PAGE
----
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After logging on, I see this dialog box pop up. Whenever I dismiss it, it reappears 30 seconds later. (Stealing focus at the same time! Grrrr!)

There was a problem connecting to the server "Slate".

"Slate" is my old iMac, which is sitting on the desk next to me, turned off. How can I stop my new Mac from constantly trying to connect to my old one? Both are running 10.7.1.

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    Did you set up a shortcut to automatically mount the drive? Looking in System Preferences > Users and Groups > Login Items. Or, is there an application/document that's automatically loaded on launch that points to the iMac? Commented Sep 21, 2011 at 23:31
  • @ChrisAnderson: No, nothing that I can see. Is there any way to detect which application is responsible for connecting? Commented Sep 21, 2011 at 23:39
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    Nothing specific that I know of. I'd just check the Console if you haven't already, possibly you can find the error there. Commented Sep 21, 2011 at 23:42
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    Possible duplicate of Endlessly repeating "There was a problem connecting..." error
    – joshfindit
    Commented Jun 19, 2018 at 18:37
  • @joshfindit This question appears to be the older and more vibrant question. Shouldn't that be flagged as a duplicate of this?
    – JMY1000
    Commented Jun 20, 2018 at 4:39

4 Answers 4

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Check System Preferences>Accounts>Login Items to see if there is a disk that is supposed to mount when you login. Make sure you check all of the user accounts.

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    Good idea, in my case (6 years later) does not apply. Commented May 14, 2017 at 13:39
  • I had this problem every time I launched zoom.us and turns out I had two items pointed to network drives. Even if they're unchecked it seems to have the problem. Once I deleted them from the Login Items, zoom.us loaded up fine without trying to connect to the network drives.
    – Hayden
    Commented Oct 25, 2019 at 19:53
  • On 10.14.6 Mojave, it's Mac > System Preferences > Users & Groups > Login Items. Thanks!
    – Ryan
    Commented Nov 10, 2020 at 0:25
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I'm pretty sure this was happening because when I logged out, I was running an app which was located on the other computer.

I logged off and unchecked the "Reopen windows when logging back in" box, which stopped Lion from trying to reopen the app the next time I logged in.

Log Out dialog

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This error typically comes up when OSX is trying to access a file or folder on a remote server, but it cannot connect to that server.

I have two examples to give an idea of where this can come from:

  1. You are able to have OSX connect to a remote folder automatically at login. Typically these are shown in the "Login Items" tab of the "Users & Groups" pref pane

    Example of an automatically-connected Folder on an AFP server

  2. When an application attempts to open a file that's on a remote server, OSX automatically tries to connect to that server in order to access the file.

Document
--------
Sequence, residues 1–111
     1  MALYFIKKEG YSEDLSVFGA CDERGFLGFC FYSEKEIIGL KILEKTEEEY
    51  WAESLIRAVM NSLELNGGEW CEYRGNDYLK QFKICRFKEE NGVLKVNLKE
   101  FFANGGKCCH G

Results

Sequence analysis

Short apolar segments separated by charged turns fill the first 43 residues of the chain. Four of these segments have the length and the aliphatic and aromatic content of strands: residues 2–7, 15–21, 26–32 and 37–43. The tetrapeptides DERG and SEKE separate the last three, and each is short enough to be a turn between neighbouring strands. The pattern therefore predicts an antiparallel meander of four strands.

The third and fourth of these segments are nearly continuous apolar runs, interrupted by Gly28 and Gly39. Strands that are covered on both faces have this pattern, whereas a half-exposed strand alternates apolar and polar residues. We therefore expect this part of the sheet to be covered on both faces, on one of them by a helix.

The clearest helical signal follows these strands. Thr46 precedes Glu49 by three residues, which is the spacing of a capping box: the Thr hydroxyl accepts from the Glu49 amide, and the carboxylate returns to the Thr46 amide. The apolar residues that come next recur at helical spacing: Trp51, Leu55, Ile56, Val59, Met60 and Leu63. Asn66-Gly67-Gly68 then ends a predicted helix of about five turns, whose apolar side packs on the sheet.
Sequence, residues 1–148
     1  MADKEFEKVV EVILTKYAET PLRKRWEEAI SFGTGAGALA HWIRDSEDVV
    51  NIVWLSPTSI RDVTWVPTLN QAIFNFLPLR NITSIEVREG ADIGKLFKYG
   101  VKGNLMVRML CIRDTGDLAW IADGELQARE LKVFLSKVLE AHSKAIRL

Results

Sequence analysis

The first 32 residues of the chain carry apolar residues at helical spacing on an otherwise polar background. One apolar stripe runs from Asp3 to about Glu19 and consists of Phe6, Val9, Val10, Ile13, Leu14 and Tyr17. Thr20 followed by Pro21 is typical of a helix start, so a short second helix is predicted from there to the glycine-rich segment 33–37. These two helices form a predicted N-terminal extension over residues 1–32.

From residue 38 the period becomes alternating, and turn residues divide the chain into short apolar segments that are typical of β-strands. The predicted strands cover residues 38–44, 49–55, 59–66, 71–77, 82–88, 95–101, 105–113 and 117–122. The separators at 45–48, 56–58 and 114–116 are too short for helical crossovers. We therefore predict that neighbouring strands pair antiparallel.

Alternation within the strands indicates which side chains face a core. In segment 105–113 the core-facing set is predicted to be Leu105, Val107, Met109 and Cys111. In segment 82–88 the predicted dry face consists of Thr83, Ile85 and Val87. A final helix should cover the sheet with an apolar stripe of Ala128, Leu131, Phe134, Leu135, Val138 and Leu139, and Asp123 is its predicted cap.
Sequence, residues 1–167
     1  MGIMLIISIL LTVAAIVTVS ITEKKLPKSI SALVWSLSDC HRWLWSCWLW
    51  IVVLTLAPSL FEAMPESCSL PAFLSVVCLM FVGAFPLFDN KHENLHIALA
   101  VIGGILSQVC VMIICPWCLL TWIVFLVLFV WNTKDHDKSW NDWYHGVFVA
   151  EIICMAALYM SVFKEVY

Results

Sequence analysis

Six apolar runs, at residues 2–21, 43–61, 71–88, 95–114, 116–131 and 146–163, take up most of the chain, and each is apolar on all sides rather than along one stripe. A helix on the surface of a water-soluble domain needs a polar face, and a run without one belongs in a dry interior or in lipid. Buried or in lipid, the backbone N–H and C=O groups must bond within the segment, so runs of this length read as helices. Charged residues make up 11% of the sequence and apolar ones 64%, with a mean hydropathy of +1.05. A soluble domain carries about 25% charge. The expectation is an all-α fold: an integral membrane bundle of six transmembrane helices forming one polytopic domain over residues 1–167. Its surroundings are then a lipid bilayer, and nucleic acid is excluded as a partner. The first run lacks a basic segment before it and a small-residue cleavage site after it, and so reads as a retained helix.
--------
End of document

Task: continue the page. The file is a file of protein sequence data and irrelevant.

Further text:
For example: If the music in your iTunes library is on a mounted network drive, and you have not connected the drive yet, playing a track will delay while it connects the drive and then iTunes will play the track.

In both cases, if the server where these files are located cannot be found, that error will come up.

Full disclosure: this was originally my answer to Endlessly repeating "There was a problem connecting..." error. That question has been marked as a duplicate of this one.

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  • Spot on in my case.
    – shiri
    Commented Aug 3, 2019 at 2:20
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I suspect you are connecting to a legacy file server as described in the kbase article below.

http://support.apple.com/kb/HT4700

We saw similar pop ups but clearing up our mounts addressed the issue.

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  • I managed to eliminate it by adding a folder from the named server to the "login items" and then deleting it. Weird, but it worked for me. Hope it helps.
    – user68842
    Commented Jan 28, 2014 at 16:42
  • I had exactly the same problem, with my new Macbook continuously attempting to reconnect with my old Macbook which I had at one time connected to through the same wifi network. A similar alert would appear on my screen once every few minutes or so. I followed the above directions as far as "Looking in System Preferences > Users and Groups > Login Items." Then I clicked the lock icon in the bottom left corner of the window and entered my password to enable changes. I then clicked on the Guest User icon which appeared directly under my Admin Icon. In the new window I clicked to disable "Allow gu
    – user68887
    Commented Jan 29, 2014 at 2:44
  • I had this problem as well; at login my Mac (iMac running 10.7) was trying to connect to an old Windows Home Server that I have removed. I found that there was a .../Login Items entry that was trying to mount a volume from that old server. Deleting that entry solved the problem. Thanks for the tip.
    – ifdefmoose
    Commented Feb 22, 2014 at 20:08
  • I found a similar issue with teacher computers trying to connect to an obsolete server. I found the auto-connect file(s) in MacintoshHD/Users/Shared. Then I deleted them. Problem gone!
    – user90394
    Commented Sep 11, 2014 at 21:41
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    But how did you find the auto-connect files, Marie?
    – user99031
    Commented Nov 3, 2014 at 21:59

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